"It's a little-known fact, but we reporters could successfully sell Sanders or Elizabeth Warren or any other populist candidate as a serious contender for the White House if we wanted to. Hell, we told Americans it was okay to vote for George Bush, a man who moves his lips when he reads." -- Matt Taibbi, Rolling Stone MagazineIn the spring of 1978, during my freshman year of college at the University of Vermont, Ben Cohen and Jerry Greenfield opened an ice cream parlor in a renovated gas station in downtown Burlington. There was no Chunky Monkey in those days but the ice cream was incredible, and it wasn't long before Ben & Jerry's became a national sensation. Significantly, Ben & Jerry's not only made great ice cream, but they capitalized, so to speak, on their success to give back to the community and fund many charitable works.
In my senior year, Bernie Sanders was elected mayor of Burlington, another progressive, socially conscious local phenomenon that has since gone national. In 1990, after four successful terms as mayor, Sanders -- a self-described Democratic-Socialist -- won election to the House of Representatives as an independent. In 2006, he was elected to the Senate and has been a passionate, eloquent -- often singular -- voice for the left ever since.
Bernie Sanders has been a tireless defender of social and economic justice since well before he or Vermont's finest ice cream became household names. He has relentlessly spoken out against growing inequality (“Our middle class is disappearing. We have more people living in poverty than almost any time in the history of America.”) But that's not all. He has pointed to the destructive force that Big Money is having on our electoral politics, has strenuously called for stringent environmental regulations to combat climate change -- including strong opposition to the Keystone XL, has been an ardent advocate for gay rights, has insisted on expansion of not restrictions on Social Security, and has pushed for more effective regulations on Wall Street.
His politics can be summed up with a question he asks on his website: “Are we prepared to take on the enormous economic and political power of the billionaire class, or do we continue to slide into economic and political oligarchy?”
Bernie Sanders is prepared to take them on. He is running for President in order to do so. This is great news. Not because I think he can win. And not because I'm not ready for Hillary Clinton -- (please read Scared Shitless Into Pragmatism for my reasons for supporting Hillary). It is great news because it is critical for the Democrats to have a contested primary process that includes a candidate who will articulate populist, progressive ideas that might otherwise not make it into the national discourse. Such a process will also pull Hillary leftward (a direction she appears already to be leaning, I'm happy to say, with her important speech on criminal justice reform and mass incarceration.)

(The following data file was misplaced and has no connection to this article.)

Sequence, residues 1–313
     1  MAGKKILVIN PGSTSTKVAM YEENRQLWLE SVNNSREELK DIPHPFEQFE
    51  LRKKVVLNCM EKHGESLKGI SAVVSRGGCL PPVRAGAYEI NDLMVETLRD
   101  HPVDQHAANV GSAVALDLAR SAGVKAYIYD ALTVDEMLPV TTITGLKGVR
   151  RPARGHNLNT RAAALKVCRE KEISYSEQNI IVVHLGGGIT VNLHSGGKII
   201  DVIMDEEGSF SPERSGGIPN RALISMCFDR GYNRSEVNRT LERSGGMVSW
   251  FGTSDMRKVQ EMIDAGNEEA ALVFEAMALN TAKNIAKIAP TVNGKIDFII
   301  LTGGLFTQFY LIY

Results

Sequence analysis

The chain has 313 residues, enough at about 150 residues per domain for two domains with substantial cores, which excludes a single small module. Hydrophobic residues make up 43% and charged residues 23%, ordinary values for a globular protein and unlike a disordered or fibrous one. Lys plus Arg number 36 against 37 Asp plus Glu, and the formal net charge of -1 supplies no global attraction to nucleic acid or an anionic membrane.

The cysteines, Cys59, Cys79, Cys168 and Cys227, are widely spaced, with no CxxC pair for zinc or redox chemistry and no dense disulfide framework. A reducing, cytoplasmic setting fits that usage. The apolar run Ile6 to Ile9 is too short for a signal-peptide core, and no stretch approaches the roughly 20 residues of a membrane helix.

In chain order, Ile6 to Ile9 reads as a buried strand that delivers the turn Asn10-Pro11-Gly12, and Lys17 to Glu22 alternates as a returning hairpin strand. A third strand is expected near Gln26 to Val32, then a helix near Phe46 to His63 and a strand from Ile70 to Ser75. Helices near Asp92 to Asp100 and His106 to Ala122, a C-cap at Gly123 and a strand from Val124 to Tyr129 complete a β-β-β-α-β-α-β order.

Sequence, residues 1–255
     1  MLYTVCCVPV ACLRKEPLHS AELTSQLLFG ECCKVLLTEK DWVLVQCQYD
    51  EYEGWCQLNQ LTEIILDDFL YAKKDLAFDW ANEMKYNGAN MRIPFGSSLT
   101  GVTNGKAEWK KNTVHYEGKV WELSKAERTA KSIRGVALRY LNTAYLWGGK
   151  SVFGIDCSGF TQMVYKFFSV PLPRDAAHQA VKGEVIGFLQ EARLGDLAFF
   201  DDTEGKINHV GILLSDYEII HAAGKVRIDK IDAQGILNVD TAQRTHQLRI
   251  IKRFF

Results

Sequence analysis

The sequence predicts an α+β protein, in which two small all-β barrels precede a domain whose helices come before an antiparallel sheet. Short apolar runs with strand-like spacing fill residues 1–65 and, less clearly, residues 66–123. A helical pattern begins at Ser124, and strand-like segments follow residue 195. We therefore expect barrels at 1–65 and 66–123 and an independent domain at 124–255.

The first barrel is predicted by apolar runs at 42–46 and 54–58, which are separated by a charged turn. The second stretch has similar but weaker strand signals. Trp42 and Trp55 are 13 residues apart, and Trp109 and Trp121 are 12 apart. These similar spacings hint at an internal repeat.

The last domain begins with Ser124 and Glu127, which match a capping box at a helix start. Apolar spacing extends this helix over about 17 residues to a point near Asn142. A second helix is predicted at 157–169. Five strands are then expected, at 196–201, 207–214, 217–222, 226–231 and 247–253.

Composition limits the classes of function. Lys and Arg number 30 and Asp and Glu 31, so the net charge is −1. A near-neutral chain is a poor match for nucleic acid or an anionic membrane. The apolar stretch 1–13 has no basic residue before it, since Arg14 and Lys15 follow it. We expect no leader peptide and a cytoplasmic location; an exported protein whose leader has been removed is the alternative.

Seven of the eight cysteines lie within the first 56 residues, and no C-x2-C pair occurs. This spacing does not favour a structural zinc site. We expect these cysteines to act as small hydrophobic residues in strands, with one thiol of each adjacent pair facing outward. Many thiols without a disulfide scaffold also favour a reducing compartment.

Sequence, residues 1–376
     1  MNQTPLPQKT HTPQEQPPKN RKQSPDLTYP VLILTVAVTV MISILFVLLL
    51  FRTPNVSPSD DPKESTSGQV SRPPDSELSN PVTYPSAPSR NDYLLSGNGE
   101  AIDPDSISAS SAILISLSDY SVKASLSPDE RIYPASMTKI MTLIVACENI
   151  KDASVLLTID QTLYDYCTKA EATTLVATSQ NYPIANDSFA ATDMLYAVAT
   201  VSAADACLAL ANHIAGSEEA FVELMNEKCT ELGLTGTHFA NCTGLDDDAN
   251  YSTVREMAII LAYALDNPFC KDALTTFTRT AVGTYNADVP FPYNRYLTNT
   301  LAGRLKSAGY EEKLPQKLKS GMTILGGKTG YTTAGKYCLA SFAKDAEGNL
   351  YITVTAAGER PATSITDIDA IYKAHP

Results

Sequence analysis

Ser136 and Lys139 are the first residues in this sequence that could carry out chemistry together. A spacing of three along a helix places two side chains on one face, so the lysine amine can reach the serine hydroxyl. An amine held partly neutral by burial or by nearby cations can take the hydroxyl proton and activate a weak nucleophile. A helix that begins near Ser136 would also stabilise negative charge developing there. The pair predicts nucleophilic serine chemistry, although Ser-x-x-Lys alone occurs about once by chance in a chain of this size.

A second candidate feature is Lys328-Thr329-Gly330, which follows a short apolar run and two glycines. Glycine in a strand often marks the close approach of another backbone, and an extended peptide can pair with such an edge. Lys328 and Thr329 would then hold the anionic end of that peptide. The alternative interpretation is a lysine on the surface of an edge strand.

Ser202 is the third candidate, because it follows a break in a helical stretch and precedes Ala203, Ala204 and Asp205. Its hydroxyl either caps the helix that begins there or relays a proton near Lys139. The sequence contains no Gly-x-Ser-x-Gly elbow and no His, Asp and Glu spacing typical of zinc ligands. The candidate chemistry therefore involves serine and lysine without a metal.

As Robert Reich says, as "a strong voice to the left of Hillary Clinton, [Bernie Sanders will] give her room to be tougher on Wall Street and big corporations than she might otherwise be. More importantly, he’ll allow a national conversation about the savage inequalities that are destroying the fabric of American life, our economy, and our democracy – in contrast to the Republican clown car whose conversation for the next year and a half will be about the virtues of 'trickle-down economics' and the 'free market.'”
Beyond how Bernie will help Hillary, Matt Taibbi makes a great point when he notes that the failure of the media to take Bernie's candidacy seriously "should really be read as a profound indictment of our political system, which is now so openly an oligarchy that any politician who doesn't have the blessing of the bosses is marginalized before he or she steps into the ring." Taibbi is right that the mainstream media's "lapdog mentality is deeply ingrained and most Beltway scribes prefer to wait for a signal from above before they agree to take anyone not sitting atop a mountain of cash seriously."
The great irony is that Bernie Sanders could only be a legitimate candidate for president if we already had in place a political system that was not corrupted by Big Money and Big Media -- a system for which he is so passionately fighting. Hopefully, his candidacy will help expose these flaws. Hopefully, the power of his message will also force the media to grapple with a wider range of issues and solutions. And hopefully, his ideas will help shape the Democratic platform.
In any event, Bernie's candidacy is going to make the election season a whole lot more entertaining.